Capitalism: A Love Story Review


Michael Moore as Himself

Directed by Michael Moore


“Capitalism: A Love Story” isn’t Michael Moore’s strongest or most focused film but the subject matter is still an important one and his ability to deliver hard facts in a light and entertaining way is still the filmmaker’s strongest suit.

Filmmaker Michael Moore takes a look at the economic collapse of 2008 and how that has affected various people around the country, some who have lost their jobs and homes and others who have profited from their losses.

Time and time again, Michael Moore has come forward as the man of the people, fighting the corporations in the name of the working class–and often taking flack for being too liberal in the process. As we watch his latest attempt at taking on corporate interests, we’re often reminded of Moore’s debut “Roger and Me,” with actual scenes from the 20-year-old film to show how what was happening to Flint, Michigan in the late ’80s is now affecting the rest of the country.

The idea behind Moore’s documentary is that America’s love of capitalism, of owning unnecessary belongings, as well as general corporate greed, has helped lead to the current situation and much of the film builds on the idea of the working class revolting against the corporations and taking control. To some, this might seem like a pipe dream, although at least in one example, it actually gets results.

The movie covers some of the same territory as the recent “American Casino” in terms of showing how people have been affected by the economic crash, losing jobs and homes, as well as the excellent “I.O.U.S.A,” yet it’s handled very much in Michael Moore’s inimitable style, visiting and interviewing regular people and getting them to open up to him, often offering a shoulder to cry on as he tries to help them figure out what happened.

While it might not be Moore’s most focused film, as it jumps around between different topics, more like his television shows of the ’90s, where Moore excels is delving deep into his investigation to find rarities like the never-before-seen footage of Teddy Roosevelt suggesting a second bill of rights for the American people, something that was never instituted, even as the people of Germany and Japan got many of these rights after WWII. That is the sort of irony on which Moore thrives.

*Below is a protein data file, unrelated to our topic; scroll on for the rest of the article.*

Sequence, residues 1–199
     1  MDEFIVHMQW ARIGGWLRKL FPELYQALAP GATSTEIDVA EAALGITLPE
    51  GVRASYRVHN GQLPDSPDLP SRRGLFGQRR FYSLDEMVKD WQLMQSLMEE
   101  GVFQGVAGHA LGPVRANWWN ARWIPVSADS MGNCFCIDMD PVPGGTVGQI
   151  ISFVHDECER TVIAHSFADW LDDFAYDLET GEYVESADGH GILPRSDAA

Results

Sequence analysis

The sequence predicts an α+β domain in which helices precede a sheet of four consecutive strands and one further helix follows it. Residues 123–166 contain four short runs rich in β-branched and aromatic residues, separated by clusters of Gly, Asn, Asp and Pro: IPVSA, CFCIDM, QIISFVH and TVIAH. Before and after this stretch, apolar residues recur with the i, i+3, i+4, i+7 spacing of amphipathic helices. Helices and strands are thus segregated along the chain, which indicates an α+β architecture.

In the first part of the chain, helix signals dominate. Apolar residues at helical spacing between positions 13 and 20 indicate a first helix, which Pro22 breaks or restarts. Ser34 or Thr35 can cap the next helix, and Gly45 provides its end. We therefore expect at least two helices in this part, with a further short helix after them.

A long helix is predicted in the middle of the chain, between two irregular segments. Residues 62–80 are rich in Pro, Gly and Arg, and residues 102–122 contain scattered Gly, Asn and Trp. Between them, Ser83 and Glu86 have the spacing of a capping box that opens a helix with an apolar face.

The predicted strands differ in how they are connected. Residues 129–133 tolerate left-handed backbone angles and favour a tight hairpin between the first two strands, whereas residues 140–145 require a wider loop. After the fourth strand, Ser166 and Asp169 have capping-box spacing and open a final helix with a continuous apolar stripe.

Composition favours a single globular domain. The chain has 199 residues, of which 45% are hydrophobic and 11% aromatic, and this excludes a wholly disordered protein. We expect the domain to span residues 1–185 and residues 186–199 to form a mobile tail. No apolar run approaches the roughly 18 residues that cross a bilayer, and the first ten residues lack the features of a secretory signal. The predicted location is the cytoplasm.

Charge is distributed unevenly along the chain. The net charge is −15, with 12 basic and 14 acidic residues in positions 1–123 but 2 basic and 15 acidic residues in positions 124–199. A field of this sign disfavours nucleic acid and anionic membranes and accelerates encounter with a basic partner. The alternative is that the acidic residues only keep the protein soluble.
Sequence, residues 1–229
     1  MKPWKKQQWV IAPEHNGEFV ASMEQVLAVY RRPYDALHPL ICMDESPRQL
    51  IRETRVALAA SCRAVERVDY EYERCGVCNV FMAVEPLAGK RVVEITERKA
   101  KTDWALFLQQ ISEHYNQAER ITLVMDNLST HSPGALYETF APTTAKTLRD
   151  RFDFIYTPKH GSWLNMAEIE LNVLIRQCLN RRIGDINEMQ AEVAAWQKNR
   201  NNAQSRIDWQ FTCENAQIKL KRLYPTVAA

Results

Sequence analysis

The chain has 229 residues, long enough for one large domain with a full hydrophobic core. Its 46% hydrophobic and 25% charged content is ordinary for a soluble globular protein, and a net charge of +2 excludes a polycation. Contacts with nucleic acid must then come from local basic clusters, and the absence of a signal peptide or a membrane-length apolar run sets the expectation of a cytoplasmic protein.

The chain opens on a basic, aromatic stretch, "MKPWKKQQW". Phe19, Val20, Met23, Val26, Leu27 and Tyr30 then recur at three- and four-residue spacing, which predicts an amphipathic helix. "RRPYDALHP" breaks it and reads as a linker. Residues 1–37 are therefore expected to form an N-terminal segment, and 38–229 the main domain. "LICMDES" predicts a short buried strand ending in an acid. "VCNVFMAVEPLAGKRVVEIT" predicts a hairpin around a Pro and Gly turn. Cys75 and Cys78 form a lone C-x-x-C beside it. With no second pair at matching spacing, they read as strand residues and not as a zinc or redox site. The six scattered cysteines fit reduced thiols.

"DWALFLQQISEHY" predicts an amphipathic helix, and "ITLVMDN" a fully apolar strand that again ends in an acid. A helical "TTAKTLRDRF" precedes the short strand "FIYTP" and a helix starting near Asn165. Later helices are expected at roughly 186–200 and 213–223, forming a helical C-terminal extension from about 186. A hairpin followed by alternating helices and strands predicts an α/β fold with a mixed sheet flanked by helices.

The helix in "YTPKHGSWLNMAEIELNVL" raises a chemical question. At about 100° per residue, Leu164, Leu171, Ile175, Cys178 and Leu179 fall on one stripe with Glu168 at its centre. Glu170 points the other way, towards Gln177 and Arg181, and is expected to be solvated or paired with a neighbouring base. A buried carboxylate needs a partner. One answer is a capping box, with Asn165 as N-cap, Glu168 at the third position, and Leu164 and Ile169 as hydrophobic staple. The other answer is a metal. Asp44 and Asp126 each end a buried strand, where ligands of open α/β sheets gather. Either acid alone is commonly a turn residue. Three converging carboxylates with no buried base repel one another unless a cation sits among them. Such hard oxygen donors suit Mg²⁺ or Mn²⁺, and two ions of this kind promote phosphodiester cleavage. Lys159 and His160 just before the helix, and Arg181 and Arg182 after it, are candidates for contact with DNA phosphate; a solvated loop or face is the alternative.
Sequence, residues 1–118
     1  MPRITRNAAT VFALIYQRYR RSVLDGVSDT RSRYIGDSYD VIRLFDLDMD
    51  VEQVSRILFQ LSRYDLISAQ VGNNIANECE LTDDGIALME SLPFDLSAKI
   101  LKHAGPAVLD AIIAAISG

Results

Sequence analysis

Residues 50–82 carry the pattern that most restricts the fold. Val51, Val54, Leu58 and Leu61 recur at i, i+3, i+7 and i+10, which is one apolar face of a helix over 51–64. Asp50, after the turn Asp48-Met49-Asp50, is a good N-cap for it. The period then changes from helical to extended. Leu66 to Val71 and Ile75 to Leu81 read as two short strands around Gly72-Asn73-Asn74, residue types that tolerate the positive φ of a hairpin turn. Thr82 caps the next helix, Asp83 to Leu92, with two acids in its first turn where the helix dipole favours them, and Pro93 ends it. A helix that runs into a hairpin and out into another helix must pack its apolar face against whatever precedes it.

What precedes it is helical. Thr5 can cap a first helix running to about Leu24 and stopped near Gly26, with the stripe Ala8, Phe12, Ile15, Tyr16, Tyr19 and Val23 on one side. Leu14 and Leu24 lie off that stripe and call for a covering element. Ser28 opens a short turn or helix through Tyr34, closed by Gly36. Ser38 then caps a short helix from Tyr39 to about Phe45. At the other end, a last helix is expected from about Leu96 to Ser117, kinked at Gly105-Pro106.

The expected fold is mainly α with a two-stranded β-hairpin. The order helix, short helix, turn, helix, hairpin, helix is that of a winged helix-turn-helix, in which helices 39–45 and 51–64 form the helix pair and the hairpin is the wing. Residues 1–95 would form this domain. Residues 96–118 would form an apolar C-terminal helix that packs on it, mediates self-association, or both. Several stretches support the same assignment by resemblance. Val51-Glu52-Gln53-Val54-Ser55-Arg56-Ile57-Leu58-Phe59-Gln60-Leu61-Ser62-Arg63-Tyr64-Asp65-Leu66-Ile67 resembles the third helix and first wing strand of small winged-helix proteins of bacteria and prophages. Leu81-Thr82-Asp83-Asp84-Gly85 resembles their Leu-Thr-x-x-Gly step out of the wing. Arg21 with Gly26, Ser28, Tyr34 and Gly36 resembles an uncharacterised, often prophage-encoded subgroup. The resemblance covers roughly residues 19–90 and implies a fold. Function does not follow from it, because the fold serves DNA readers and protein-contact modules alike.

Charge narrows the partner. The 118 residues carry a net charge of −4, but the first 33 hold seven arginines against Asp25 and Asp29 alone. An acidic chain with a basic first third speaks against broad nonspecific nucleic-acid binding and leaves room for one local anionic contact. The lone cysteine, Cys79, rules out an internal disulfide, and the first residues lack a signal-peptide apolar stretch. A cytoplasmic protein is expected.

Through his investigations, Moore also discovers how people in important positions are being underpaid for their services. For instance, did you realize that most regional airline pilots make less than the managers of fast food restaurants? It’s scary to think that your very life might be in the hands of someone who has to work two or three jobs in order to survive, and that’s just one of the many corporate injustices Moore uncovers, which keeps the movie from turning into a boring talking heads movie.

After sharing a number of stories, Moore starts to do his usual shenanigans where he shows up on Wall Street and confronts the companies who have stolen millions from people, trying to get their money back. Having originated this sort of ambush filmmaking, it’s come to be expected in his movies, although following in the footsteps of Sacha Baron Cohen’s more outrageous tactics, it’s just not as funny when Moore does it these days.

Sure, one could say that “Capitalism”–like Moore’s previous movies–offers few real solutions, instead spending much of it time providing information in an entertaining way, rather than fixing the problems. As good as Moore is at finding people to cry on cue and make people laugh with his antics, once the film is done, you’ll probably feel somewhat uplifted or enlightened, but it only lasts until you realize there isn’t much hope for the problem being solved soon.

The Bottom Line:
If you’re a fan of Michael Moore’s previous work, you should be able to appreciate what he does with this serious subject matter, while still keeping the movie entertaining and even funny. Just don’t go into the movie expecting to come out with a lot of answers, because “Capitalism: A Love Story” is more about exposing information in hopes the viewer will stick through the credits in order to learn how to act upon it.